Posted 2 February 2005The Governor of the Bank of England, Mr Mervyn King, visited Harper Adams University College today to meet Shropshire business people and discuss the state of the rural economy. He met guests from a range of industries, including the service sector, manufacturers and small businesses, as well as Harper Adams staff and students.
Mr King began the visit with a tour of the Newport campus, which has recently seen major investments in academic and research facilities, including a new library, IT infrastructure and state-of-the-art laboratory equipment. The Governor was particularly interested in the University College’s plans for demonstrating sustainable technologies, and their use in rural businesses and communities.
The tour and discussion session were part of a regional visit programme undertaken by the Bank of England Monetary Policy Committee. The visits are intended to provide information from the grass roots of industry and commerce about the challenges of running a business and what the Bank, in its wider national role in economic management, can do to help.
Mr King said, "The opportunity to talk with business and education leaders here today has been invaluable. These first-hand meetings provide concrete examples which help me, and my fellow members of the Monetary Policy Committee, to understand the wide range of economic data that we look at before taking our interest-rate decisions."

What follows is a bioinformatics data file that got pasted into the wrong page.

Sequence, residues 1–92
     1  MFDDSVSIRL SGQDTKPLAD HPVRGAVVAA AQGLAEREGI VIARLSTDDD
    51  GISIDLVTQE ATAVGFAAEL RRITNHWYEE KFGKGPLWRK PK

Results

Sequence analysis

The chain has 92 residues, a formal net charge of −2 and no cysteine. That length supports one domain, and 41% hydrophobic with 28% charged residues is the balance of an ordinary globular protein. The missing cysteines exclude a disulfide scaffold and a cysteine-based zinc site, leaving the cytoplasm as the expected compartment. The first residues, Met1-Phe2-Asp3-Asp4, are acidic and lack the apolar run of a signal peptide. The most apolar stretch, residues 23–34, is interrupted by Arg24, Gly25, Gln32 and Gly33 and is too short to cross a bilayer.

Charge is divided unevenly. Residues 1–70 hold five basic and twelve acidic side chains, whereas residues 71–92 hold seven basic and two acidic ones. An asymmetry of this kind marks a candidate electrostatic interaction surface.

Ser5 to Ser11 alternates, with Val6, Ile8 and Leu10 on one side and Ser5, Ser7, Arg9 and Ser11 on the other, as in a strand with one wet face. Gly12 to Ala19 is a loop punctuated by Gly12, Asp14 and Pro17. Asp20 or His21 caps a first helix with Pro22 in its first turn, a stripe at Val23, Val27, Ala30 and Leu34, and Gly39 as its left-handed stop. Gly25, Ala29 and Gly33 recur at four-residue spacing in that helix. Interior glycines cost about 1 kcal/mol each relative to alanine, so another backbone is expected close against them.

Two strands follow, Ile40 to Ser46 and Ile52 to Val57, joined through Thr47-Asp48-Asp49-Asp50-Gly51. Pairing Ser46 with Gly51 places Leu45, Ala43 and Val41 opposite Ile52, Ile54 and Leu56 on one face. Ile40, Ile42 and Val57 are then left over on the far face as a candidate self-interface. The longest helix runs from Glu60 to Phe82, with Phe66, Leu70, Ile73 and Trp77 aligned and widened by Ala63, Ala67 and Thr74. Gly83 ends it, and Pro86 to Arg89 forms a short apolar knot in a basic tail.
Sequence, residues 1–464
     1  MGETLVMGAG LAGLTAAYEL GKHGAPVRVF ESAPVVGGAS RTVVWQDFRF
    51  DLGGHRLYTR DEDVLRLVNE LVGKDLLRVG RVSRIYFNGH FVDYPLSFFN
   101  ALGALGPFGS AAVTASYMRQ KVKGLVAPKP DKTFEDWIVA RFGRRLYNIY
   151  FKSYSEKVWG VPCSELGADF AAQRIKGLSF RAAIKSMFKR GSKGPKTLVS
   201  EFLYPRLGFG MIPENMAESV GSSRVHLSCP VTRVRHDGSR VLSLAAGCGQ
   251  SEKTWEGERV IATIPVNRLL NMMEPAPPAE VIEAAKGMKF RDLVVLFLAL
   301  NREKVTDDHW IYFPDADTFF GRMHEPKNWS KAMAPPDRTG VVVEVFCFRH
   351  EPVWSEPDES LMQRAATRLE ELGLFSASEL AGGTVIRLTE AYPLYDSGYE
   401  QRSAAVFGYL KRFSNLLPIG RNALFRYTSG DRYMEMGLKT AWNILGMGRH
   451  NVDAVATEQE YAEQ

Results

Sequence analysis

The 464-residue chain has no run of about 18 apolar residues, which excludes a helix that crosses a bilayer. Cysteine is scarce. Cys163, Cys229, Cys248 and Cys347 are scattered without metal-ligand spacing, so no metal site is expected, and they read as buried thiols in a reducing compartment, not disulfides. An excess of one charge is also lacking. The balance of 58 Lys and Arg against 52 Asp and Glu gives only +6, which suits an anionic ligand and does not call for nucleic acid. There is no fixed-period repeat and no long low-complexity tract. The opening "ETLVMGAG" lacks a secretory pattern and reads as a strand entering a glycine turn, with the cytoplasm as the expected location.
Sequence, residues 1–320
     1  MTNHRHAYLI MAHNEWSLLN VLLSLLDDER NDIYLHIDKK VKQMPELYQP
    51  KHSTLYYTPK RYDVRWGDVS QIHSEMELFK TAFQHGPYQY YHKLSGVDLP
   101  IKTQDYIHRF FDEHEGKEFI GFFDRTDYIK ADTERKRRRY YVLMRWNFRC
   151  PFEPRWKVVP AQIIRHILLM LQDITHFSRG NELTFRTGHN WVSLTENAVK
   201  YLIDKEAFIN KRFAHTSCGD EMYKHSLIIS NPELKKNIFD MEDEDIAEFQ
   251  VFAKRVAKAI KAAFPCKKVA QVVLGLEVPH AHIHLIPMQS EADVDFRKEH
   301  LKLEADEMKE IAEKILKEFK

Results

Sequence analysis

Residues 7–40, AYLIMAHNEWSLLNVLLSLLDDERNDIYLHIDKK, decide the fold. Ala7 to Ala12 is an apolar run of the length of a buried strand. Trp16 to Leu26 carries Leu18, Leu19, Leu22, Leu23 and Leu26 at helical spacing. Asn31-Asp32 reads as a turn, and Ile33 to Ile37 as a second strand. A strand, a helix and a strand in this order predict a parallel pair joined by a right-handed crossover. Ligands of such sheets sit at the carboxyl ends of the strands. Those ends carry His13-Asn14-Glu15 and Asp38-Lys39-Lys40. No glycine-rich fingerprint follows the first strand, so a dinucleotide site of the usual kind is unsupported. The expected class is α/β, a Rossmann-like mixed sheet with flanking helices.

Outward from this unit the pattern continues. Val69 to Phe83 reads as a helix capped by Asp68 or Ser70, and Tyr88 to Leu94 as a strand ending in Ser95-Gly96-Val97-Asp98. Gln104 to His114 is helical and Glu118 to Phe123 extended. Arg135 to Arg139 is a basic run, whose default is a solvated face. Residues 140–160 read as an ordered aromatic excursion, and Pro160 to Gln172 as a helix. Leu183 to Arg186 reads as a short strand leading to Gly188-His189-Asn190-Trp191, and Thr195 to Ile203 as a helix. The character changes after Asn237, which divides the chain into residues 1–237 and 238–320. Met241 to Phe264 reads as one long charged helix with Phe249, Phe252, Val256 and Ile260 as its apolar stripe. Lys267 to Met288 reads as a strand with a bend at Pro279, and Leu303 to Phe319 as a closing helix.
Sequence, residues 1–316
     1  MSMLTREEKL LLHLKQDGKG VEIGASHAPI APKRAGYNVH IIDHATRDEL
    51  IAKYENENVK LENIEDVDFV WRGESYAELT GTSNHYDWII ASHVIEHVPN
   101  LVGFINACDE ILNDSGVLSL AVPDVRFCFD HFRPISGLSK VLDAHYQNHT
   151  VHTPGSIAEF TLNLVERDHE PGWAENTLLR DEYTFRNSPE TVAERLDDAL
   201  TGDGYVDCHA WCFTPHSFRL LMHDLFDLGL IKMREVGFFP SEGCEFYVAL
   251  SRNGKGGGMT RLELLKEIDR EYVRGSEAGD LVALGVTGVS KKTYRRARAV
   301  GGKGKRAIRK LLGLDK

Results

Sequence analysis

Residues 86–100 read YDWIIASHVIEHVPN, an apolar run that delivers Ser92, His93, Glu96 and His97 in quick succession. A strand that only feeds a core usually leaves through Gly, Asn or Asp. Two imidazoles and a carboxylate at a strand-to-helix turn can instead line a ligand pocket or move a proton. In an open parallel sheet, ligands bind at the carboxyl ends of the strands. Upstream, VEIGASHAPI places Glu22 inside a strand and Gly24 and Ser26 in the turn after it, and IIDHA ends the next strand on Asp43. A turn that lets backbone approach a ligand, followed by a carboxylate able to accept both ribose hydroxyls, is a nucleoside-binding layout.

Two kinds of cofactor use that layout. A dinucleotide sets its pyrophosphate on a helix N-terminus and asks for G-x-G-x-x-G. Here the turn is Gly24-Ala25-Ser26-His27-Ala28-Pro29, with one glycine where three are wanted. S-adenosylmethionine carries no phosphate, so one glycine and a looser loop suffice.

David Llewellyn, Harper Adams’ Director of Corporate Affairs, said: “The event served as a reminder of the important role that rural areas play in the UK economy. As home to around one million businesses, of all sizes and types, and with higher business start-up rates than in many urban districts, rural entrepreneurship is a vital part of the economic scene.”
Professor Wynne Jones, Harper Adams’ Principal, added: “We were delighted to host this important meeting between Mr King and representatives of local business interests, in which the debate was positive, lively and stimulating.
“Meetings such as this underline the important role of the university sector in supporting policy makers, businesses and entrepreneurs. The National Rural Knowledge Exchange, a consortium of 14 higher education institutions working in the land-based and rural sectors, and led by Harper Adams, also plays a major part in enabling such dialogue to take place”